2. They run events in areas similar to ours. Therefore they know the complications that this may bring and had experience to help us make wise choices about everything from what we ‘really needed’ to where to place everything in order to be safe.
3. Most companies don’t deliver or pick up generators at the weekend. LS14 Trust Event Hire dropped it off as we were setting up and were there, promptly when we finished so we didn’t need to find safe storage till Monday morning.
4. We knew that by using them to provide their services, the money would get recycled into community development work in East Leeds. For us, it felt better than the money disappearing into someone else’s business account and inevitably away from the areas that we feel need it most. All in all, working with LS14 Trust was a great experience and as we begin planning for our events this summer, we know who we’ll be calling.
Andrew

How does it work?

LS14 Trust Event Hire organises four major community events a year, and employs local people to oversee the hire equipment. Profits support the Digital Lounge, which has 650 members aged from 8 to 78. Between 30 and 50 people a day use the lounge to overcome the digital divide, mainly adults looking for work, who get help with their CVs and searches, and kids looking to check their social media accounts. A work club delivers one-to-one support, with 35% of referrals from the job centre plus going into employment or work-related opportunities.
It also offers meeting space, other IT resources, advice and sign-posts to other services.

Ls14 Trust 45 Ramshead Hill Seacroft Ls14 1BT
T: 0113 318 0522
E: info@ls14trust.org.uk

Development Manager
Nicola Greenan
E: nicola@ls14trust.org.uk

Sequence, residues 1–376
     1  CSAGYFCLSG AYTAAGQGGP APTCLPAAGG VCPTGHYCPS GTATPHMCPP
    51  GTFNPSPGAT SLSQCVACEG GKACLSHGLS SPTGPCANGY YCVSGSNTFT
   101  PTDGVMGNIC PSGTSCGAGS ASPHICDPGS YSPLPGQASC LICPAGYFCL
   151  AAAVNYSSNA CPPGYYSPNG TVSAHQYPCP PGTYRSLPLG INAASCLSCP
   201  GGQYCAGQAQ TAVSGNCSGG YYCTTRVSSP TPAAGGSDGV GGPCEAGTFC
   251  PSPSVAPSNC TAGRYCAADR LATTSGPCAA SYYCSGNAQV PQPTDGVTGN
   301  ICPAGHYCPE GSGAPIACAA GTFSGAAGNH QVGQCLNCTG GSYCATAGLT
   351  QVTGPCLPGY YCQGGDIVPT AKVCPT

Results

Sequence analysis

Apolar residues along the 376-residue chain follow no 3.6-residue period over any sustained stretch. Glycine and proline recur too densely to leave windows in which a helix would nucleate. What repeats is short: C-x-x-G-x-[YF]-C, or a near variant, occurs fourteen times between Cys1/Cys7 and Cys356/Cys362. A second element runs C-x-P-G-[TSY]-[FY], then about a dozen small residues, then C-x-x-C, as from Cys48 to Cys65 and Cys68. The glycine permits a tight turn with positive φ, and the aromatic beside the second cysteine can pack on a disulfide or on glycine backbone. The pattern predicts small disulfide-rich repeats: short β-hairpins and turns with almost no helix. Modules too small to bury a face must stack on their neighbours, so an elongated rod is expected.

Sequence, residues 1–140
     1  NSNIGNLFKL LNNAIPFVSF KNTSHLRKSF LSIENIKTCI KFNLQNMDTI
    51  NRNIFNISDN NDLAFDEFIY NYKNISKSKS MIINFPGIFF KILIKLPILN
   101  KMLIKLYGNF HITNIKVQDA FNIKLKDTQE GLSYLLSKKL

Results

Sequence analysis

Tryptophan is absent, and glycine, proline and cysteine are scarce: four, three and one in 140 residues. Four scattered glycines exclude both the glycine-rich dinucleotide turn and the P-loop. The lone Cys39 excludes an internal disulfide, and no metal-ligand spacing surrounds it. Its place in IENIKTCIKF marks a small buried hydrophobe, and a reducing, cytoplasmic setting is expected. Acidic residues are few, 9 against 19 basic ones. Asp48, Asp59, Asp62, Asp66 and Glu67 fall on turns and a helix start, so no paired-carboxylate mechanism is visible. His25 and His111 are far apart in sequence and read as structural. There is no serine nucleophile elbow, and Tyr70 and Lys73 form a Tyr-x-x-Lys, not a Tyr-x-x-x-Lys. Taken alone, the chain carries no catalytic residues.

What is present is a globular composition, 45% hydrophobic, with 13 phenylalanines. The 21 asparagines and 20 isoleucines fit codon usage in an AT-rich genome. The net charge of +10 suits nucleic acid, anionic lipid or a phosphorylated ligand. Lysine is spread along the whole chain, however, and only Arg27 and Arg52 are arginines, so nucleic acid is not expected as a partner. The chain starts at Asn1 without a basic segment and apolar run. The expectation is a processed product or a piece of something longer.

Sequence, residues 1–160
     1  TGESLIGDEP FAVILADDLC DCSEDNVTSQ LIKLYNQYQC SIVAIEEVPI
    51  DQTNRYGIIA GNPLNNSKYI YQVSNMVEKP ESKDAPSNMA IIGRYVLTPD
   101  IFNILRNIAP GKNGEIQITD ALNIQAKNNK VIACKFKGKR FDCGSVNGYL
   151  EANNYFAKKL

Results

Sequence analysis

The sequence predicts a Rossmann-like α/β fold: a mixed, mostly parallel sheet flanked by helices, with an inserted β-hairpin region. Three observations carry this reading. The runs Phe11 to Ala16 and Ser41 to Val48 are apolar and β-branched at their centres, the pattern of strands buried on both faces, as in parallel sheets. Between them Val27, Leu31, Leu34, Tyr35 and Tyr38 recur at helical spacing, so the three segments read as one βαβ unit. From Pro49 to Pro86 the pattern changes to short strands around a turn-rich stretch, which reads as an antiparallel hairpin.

Membership Development Officer
Joanne Curtis
E: jo@ls14trust.org.uk

Bramley Baths get active in the community

In our first guest blog, Ben Whittington tells us why his community-owned local swimming pool is good for Bramley.
I’ve been a resident of Bramley for nearly three years now. We moved to the area because of the good railway link to Leeds and also because we loved the house we went on to buy – an edwardian terrace house in need of a lot of work but, despite the abuse it had suffered over the years, still retained an underlying charm. Despite the brutal unsympathetic redevelopment that occurred in the 60s and 70s Bramley itself still retains a fair amount of buildings from this period, the most iconic of them being Bramley Baths.
Photo by Spherical Boy

Photo by Spherical Boy

The Baths has recently been saved from closure by a local community group (The Friends Of Bramley Baths) and not only have they managed to keep the pool open by taking over the running of it from the council they’re also passionate about what the Baths can offer the community, and this really shines through when visiting. The lobby has been redecorated and and now features a variety of photographs some of which were taken in the early nineteen hundreds and along with the staff who work there give the impression that ‘The Friends’ recognise how important the history of the pool is to the area and want to celebrate that too. The baths also seem much cleaner than they did when they were run by the council and the prices are cheaper than most places. As well as the swimming pool there is a Russian Steam room, a gym and a variety of fitness classes.SUBMERGED 99

Photo by Lizzie Coombes

I would encourage all residents of Bramley and even people further afield to give the Baths a try, it’s one of the last remaining Edwardian Bath Houses in the country and not only does it feature amazing vintage charm it’s now being run on a not-for-profit basis by people in the community for people in the community and I feel that that is something well worth supporting.
 Ben is a graphic designer who also blogs about beer. Follow him on twitter @ben_whittington .

Bramley Baths is on Broad Lane, Bramley, Leeds, West Yorkshire, LS13 3DF.

Tel: 0113 214 6000

Follow them on twitter @bramleybaths or find them on facebook.